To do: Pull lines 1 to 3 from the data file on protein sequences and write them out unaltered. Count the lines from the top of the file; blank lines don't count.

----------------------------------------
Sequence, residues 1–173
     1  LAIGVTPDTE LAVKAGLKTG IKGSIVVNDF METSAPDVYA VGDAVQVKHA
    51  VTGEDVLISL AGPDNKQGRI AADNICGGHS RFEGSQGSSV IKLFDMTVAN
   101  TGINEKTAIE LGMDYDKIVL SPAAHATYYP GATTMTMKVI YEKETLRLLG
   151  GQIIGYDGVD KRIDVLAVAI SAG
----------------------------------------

Sequence, residues 1–173
     1  LAIGVTPDTE LAVKAGLKTG IKGSIVVNDF METSAPDVYA VGDAVQVKHA
    51  VTGEDVLISL AGPDNKQGRI AADNICGGHS RFEGSQGSSV IKLFDMTVAN